Perspective: Greenways could buy Padden Creek property

• Topics: Bellingham, Environment,

Years ago, the Greenways Advisory Committee of Bellingham considered buying two lots on Padden Creek adjacent to the Interurban Trail. The thinking at the time ran that there was no need to buy the properties as no one could ever build on them. Then, Bellingham Planning and Community Development created the “Infill Took Kit” with broad variances to allow marginal land to serve housing needs. Now these two properties are being considered for development.

But leaving development questions aside, these two lots fill every criteria for purchase by Greenways. They are on a salmon stream we are restoring for salmon - and the salmon are coming back. Over 50% of these two lots are stream and wetland; they are needed for their side-of-stream vegetation and tree cover for the salmon. A well-used trail touches the property on the opposite side of the creek. Years ago, the city acquired many of the lots along this creek through purchases and swaps with landowners.

These two lots are the only pieces not included in this stream protection.

The Greenways committee has a strategic plan for property acquisition. This property is probably not in that plan. But this is an opportunity for the committee to quickly reconsider and hopefully offer the property owner a purchase price that would equal his net profit were he to develop it out. I’ve checked with a couple developers and the suggested dollar amount seems to be about $115,000. The city could negotiate - and maybe pay a bit more. Numbers talk and a value can be calculated. For our community this would be a bargain.

Mayor Linville and the City Council are the final decision makers. The Greenways Advisory Committee is just that - advisory. If the mayor were to get behind this purchase, action could be quick. The council needs to be convinced, of course, but the criteria all points to this acquisition enhancing the green trail along a salmon steam within the city limits of Bellingham.

From the perspective of the salmon swimming up Padden Creek each year to spawn, it is critical that the stream be in a green corridor, with a proper setback of all development. If we are going to spend our money day-lighting and improving streams for salmon, let’s not create a chain with a weak link. A chain is only as strong…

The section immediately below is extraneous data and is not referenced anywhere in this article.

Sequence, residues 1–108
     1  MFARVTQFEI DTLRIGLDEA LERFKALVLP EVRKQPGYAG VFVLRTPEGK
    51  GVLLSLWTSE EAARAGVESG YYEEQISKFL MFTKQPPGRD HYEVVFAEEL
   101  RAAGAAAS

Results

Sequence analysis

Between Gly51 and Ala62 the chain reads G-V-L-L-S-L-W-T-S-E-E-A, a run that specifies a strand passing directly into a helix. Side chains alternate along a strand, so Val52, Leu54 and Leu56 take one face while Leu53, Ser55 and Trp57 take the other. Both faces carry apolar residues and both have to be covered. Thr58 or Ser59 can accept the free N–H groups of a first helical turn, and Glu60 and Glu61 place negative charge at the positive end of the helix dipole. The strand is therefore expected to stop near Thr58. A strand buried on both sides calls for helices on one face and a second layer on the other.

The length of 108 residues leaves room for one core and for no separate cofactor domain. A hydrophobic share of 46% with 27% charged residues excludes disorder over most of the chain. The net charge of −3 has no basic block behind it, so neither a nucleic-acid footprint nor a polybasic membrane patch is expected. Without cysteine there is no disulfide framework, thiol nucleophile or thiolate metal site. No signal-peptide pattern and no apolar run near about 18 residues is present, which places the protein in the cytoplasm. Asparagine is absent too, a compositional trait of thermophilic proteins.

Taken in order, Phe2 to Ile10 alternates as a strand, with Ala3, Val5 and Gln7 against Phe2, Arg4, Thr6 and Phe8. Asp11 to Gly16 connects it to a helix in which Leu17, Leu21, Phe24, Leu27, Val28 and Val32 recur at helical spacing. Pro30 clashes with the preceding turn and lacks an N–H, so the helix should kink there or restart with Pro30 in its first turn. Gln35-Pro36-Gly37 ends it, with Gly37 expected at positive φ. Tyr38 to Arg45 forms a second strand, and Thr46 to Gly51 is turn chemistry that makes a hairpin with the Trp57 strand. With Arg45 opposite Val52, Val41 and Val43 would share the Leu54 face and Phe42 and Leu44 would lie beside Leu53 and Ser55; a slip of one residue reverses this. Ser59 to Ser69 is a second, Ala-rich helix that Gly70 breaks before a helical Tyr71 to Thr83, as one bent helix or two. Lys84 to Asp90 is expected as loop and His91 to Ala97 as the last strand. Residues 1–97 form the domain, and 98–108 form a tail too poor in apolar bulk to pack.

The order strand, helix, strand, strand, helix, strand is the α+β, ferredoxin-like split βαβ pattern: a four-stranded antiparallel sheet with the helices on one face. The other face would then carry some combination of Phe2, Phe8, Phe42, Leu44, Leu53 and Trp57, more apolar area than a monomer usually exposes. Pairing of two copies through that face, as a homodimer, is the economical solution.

This is not a report, but a perspective on an issue that could become divisive and have sad results. The property owner simply wants to do something with his property and it is his American right to seek the maximum return on his assets. We should not expect the owner to sacrifice for the common good. We residents of Bellingham have voted to tax ourselves for Greenways in order to buy precious properties for our trails, streams, and forested preserves. We should pay the owner a fair price and make him whole. We, and the salmon, will reap benefits long into the future.

About John Servais

Citizen Journalist and Editor • Fairhaven, Washington USA • Member since Feb 26, 2008

John started Northwest Citizen in 1995 to inform fellow citizens of serious local political issues that the Bellingham Herald was ignoring. With the help of donors from the beginning, he has [...]

Comments by Readers

Tip Johnson

May 04, 2018

The proposed development immediately abuts the minimum required setback from Padden Creek - one half the recommended setback.  There is evidence that sloughing from these very lots changed the course of Padden Creek to the opposite side of the flat floodplain on the valley floor.  The prior streambed as depicted on older data sets is still visible on the ground directly below the subject properties.  So redirected, the creek is now working on undermining the opposite banks.  It is only a matter of time before sloughing there pushes the creek back toward the prior location, leaving the proposed development completely within the minimum required setback.  That’s planning!!???

It is remarkable the lengths the city has gone to to favor this development proposal, literally disadvantaging every other property nearby to benefit this one.  Other properties have been required to add covenants to their property guaranteeing no development on much more stable sites, farther from the creek.  Changing addresses to qualify the proposal for special exceptions will adversely affect property owners who will not receive notice of opportunities based on record of their address of longstanding.  For instance, after a year the Post Office will discard mail to the old address that could be a time sensitive notice of heirship from a distant relative.  Correspondence from anyone they fail to advise of the change will get dumped.  After 100 years it is suddenly urgent to change the addresses?  And only a coincidence that it is crucial to making the proposal possible?



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